Port Schedule POE

SOLVED
Adam
Kind of a big deal

Port Schedule POE

Do the port schedules just disable the port or do they also disable POE?

Adam R MS | CISSP, CISM, VCP, MCITP, CCNP, ITILv3, CMNO
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PhilipDAth
Kind of a big deal

I can 100% confirm that is what it does - because we do exactly that.  We power off our access points via port schedules when we are closed.

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7 REPLIES 7
PhilipDAth
Kind of a big deal

They disable.  They will no longer forward packets.

MerakiDave
Meraki Employee

Correct @PhilipDAth the ports are disabled by the schedule you set in the port schedule.  @Adam I'm sure you probably saw that you can enable/disable the port itself and/or enable/disable the PoE separately, and wanted to know if the schedule could control the PoE without disabling the entire port. 

 

I'm curious, what use case do you have where you might want to disable the PoE on a port, but still leave that port active to pass data and not provide power?  If they're PoE ports, both PD and non-PD devices either will or will not negotiate, so it's automatic.  I'm curious if there's a case where you might have a PD plugged in, but force the PSE to NOT provide power.  

 

You always have Meraki's virtual stacking at your disposal which can make PoE management very easy.  For example, say I have a large school district with a district-wide wireless network across many schools with a thousand APs, all my switches and/or switch ports are properly tagged (like "HS" for high school on the switches, and "wifi" for switch ports with APs plugged in), and I want to reboot only the 100 access points just in the high school.  I'd simply go to switch > switch ports and type "switch:HS and tag:wifi" and it'll immediately pull up those 100 ports, and I can click edit and bounce the PoE on all 100 ports instantly.  Or say for example I've got an issue with a specific model of AP, but my AP switch ports are only tagged with "wifi" and the tags don't reflect the actual AP model, and I want to reboot every MR42 across the entire district, regardless of which school they're in.  A simple lldp:MR42 search would do that.  Anyway, I could go on and on all day about virtual stacking examples, really cool and powerful feature/tool.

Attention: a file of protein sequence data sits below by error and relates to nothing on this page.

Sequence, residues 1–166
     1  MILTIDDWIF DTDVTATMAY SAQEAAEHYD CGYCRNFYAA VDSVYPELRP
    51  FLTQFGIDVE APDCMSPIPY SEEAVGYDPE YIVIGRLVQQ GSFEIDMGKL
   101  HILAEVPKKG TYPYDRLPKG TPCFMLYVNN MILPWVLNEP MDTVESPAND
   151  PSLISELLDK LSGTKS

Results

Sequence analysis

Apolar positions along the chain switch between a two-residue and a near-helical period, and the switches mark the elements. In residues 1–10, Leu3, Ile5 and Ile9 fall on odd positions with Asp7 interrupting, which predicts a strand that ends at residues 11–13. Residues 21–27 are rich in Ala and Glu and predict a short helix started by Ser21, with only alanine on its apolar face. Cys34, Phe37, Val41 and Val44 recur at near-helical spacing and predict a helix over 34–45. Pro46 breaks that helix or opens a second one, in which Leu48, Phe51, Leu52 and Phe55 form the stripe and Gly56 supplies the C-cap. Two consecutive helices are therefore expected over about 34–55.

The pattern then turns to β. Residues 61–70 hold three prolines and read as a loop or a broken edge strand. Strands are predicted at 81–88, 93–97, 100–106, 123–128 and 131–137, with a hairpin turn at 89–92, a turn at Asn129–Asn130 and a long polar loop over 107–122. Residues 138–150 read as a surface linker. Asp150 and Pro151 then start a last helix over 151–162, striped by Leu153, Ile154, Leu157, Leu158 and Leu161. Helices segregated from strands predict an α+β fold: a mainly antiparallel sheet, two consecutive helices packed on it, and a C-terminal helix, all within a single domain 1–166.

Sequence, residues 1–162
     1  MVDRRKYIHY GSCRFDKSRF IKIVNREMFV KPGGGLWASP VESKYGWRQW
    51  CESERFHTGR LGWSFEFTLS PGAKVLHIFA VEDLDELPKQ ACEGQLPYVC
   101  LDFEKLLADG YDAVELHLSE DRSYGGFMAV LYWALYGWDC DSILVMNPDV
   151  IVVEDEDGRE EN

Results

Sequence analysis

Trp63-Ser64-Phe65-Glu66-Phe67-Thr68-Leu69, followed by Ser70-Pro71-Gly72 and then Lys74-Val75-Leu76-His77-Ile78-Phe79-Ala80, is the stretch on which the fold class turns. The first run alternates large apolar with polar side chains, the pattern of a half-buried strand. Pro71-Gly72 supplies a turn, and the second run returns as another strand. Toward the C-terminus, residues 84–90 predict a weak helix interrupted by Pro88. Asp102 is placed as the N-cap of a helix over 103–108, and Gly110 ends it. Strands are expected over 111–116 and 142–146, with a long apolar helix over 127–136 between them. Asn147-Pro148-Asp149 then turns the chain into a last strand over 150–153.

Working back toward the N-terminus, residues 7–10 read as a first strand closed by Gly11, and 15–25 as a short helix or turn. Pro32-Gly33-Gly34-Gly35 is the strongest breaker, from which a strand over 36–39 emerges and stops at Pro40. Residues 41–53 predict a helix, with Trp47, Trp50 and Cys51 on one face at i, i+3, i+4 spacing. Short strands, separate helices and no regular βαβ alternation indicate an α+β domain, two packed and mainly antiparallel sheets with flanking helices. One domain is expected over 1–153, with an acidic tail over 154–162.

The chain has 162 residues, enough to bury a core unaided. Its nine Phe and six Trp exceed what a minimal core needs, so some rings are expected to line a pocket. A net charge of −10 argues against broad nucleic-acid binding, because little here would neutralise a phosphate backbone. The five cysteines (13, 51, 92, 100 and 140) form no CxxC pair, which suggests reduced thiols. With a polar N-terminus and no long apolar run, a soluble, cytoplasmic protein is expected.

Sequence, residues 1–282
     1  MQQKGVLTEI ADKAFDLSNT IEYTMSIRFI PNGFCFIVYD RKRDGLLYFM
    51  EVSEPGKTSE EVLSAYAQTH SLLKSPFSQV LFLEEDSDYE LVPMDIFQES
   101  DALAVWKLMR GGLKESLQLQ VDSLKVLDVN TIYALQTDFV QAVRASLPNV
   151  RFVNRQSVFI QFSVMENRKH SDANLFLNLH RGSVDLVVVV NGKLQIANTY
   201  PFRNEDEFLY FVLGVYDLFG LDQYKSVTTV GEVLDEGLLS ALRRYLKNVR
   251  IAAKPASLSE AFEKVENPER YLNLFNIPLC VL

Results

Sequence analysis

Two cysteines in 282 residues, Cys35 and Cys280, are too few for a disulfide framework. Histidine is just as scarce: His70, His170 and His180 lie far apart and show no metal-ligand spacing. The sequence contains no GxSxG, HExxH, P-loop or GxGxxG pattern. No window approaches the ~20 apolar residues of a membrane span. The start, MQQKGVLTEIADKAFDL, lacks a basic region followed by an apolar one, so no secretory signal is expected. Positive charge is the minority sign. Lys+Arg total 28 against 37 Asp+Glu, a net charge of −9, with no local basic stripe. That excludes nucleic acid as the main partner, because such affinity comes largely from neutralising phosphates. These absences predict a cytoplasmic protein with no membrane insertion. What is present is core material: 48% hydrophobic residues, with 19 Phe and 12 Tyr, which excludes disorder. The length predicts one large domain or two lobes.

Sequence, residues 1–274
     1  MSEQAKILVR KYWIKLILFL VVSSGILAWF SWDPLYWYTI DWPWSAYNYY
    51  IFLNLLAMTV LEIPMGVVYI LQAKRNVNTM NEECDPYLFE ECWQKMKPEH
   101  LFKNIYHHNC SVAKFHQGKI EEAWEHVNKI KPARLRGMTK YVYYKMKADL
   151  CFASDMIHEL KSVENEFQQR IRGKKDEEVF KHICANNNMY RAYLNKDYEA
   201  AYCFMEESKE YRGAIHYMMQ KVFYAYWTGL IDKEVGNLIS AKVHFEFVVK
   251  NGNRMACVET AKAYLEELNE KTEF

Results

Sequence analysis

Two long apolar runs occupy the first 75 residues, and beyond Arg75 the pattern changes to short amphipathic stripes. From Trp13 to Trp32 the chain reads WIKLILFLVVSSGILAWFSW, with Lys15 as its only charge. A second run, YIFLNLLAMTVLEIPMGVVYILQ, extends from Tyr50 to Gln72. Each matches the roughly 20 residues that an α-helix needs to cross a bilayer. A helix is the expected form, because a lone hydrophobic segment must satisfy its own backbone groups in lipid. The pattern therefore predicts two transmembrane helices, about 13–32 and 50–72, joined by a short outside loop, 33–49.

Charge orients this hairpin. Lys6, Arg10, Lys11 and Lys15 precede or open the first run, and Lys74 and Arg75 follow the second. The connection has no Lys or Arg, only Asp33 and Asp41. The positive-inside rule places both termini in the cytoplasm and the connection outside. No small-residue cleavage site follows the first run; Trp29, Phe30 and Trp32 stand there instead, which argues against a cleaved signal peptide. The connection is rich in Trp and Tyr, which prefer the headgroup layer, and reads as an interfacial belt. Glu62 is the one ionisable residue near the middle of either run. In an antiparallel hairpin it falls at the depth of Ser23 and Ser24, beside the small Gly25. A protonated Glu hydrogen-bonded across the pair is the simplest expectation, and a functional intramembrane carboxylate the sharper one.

Adam
Kind of a big deal

Actually the opposite.  I know it disables the port traffic but I wanted to make sure it also disabled POE for power savings.  My use case is that I want my APs to be fully powered off at a given site for a window during the night.  The port schedule didn't really clarify if it just disabled the port or also disabled the POE.  

Adam R MS | CISSP, CISM, VCP, MCITP, CCNP, ITILv3, CMNO
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PhilipDAth
Kind of a big deal

I can 100% confirm that is what it does - because we do exactly that.  We power off our access points via port schedules when we are closed.

redsector
Head in the Cloud

Yes exactly. The port is shut down complete. No traffic no power.

Adam
Kind of a big deal

Confirmed through testing, thanks for the feedback everyone. 

Adam R MS | CISSP, CISM, VCP, MCITP, CCNP, ITILv3, CMNO
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rodrigocostar
Conversationalist

Hey, if you need to do that instead to power off the AP, and you dont have an Meraki Switch, you can schedule the ssid availability, going to "Wireless" --> "SSID Availability"   🙂

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